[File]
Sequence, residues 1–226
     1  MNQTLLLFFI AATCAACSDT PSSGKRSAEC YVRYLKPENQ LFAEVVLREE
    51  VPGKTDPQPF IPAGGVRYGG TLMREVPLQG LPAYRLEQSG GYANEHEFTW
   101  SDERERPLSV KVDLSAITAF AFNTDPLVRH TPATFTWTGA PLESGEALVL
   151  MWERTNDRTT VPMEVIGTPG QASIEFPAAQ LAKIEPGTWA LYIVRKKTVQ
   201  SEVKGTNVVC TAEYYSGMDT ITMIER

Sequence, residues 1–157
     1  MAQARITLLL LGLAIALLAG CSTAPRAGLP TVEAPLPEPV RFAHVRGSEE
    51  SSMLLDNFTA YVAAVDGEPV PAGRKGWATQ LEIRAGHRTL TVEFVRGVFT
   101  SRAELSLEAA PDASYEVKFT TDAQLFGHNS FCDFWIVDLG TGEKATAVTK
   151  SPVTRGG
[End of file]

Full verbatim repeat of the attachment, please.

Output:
Sequence, residues 1–226
     1  MNQTLLLFFI AATCAACSDT PSSGKRSAEC YVRYLKPENQ LFAEVVLREE
    51  VPGKTDPQPF IPAGGVRYGG TLMREVPLQG LPAYRLEQSG GYANEHEFTW
   101  SDERERPLSV KVDLSAITAF AFNTDPLVRH TPATFTWTGA PLESGEALVL
   151  MWERTNDRTT VPMEVIGTPG QASIEFPAAQ LAKIEPGTWA LYIVRKKTVQ
   201  SEVKGTNVVC TAEYYSGMDT ITMIER

Sequence, residues 1–157
     1  MAQARITLLL LGLAIALLAG CSTAPRAGLP TVEAPLPEPV RFAHVRGSEE
    51  SSMLLDNFTA YVAAVDGEPV PAGRKGWATQ LEIRAGHRTL TVEFVRGVFT
   101  SRAELSLEAA PDASYEVKFT TDAQLFGHNS FCDFWIVDLG TGEKATAVTK
   151  SPVTRGG